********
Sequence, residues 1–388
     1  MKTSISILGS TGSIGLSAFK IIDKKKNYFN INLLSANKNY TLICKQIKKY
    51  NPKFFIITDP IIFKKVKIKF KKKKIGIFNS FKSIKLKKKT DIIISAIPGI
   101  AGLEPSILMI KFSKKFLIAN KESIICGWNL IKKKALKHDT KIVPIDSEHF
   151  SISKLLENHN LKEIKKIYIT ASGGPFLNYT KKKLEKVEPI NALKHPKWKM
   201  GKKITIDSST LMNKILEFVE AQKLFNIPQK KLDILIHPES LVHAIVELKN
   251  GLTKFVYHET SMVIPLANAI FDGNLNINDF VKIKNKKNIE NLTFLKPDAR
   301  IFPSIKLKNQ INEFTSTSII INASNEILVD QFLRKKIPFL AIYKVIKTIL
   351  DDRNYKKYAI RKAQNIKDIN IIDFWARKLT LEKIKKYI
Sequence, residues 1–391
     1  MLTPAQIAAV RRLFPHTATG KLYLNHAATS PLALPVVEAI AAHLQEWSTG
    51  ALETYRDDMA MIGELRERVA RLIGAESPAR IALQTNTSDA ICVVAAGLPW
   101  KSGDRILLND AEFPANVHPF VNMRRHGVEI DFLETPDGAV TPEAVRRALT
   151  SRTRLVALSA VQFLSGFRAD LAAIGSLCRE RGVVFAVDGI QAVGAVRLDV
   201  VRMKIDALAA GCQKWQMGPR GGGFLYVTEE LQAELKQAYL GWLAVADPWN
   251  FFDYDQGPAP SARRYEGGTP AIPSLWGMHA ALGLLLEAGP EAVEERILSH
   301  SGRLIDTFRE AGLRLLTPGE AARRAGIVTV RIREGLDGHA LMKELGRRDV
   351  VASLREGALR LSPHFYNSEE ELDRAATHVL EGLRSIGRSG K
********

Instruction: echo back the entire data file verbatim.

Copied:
Sequence, residues 1–388
     1  MKTSISILGS TGSIGLSAFK IIDKKKNYFN INLLSANKNY TLICKQIKKY
    51  NPKFFIITDP IIFKKVKIKF KKKKIGIFNS FKSIKLKKKT DIIISAIPGI
   101  AGLEPSILMI KFSKKFLIAN KESIICGWNL IKKKALKHDT KIVPIDSEHF
   151  SISKLLENHN LKEIKKIYIT ASGGPFLNYT KKKLEKVEPI NALKHPKWKM
   201  GKKITIDSST LMNKILEFVE AQKLFNIPQK KLDILIHPES LVHAIVELKN
   251  GLTKFVYHET SMVIPLANAI FDGNLNINDF VKIKNKKNIE NLTFLKPDAR
   301  IFPSIKLKNQ INEFTSTSII INASNEILVD QFLRKKIPFL AIYKVIKTIL
   351  DDRNYKKYAI RKAQNIKDIN IIDFWARKLT LEKIKKYI
Sequence, residues 1–391
     1  MLTPAQIAAV RRLFPHTATG KLYLNHAATS PLALPVVEAI AAHLQEWSTG
    51  ALETYRDDMA MIGELRERVA RLIGAESPAR IALQTNTSDA ICVVAAGLPW
   101  KSGDRILLND AEFPANVHPF VNMRRHGVEI DFLETPDGAV TPEAVRRALT
   151  SRTRLVALSA VQFLSGFRAD LAAIGSLCRE RGVVFAVDGI QAVGAVRLDV
   201  VRMKIDALAA GCQKWQMGPR GGGFLYVTEE LQAELKQAYL GWLAVADPWN
   251  FFDYDQGPAP SARRYEGGTP AIPSLWGMHA ALGLLLEAGP EAVEERILSH
   301  SGRLIDTFRE AGLRLLTPGE AARRAGIVTV RIREGLDGHA LMKELGRRDV
   351  VASLREGALR LSPHFYNSEE ELDRAATHVL EGLRSIGRSG K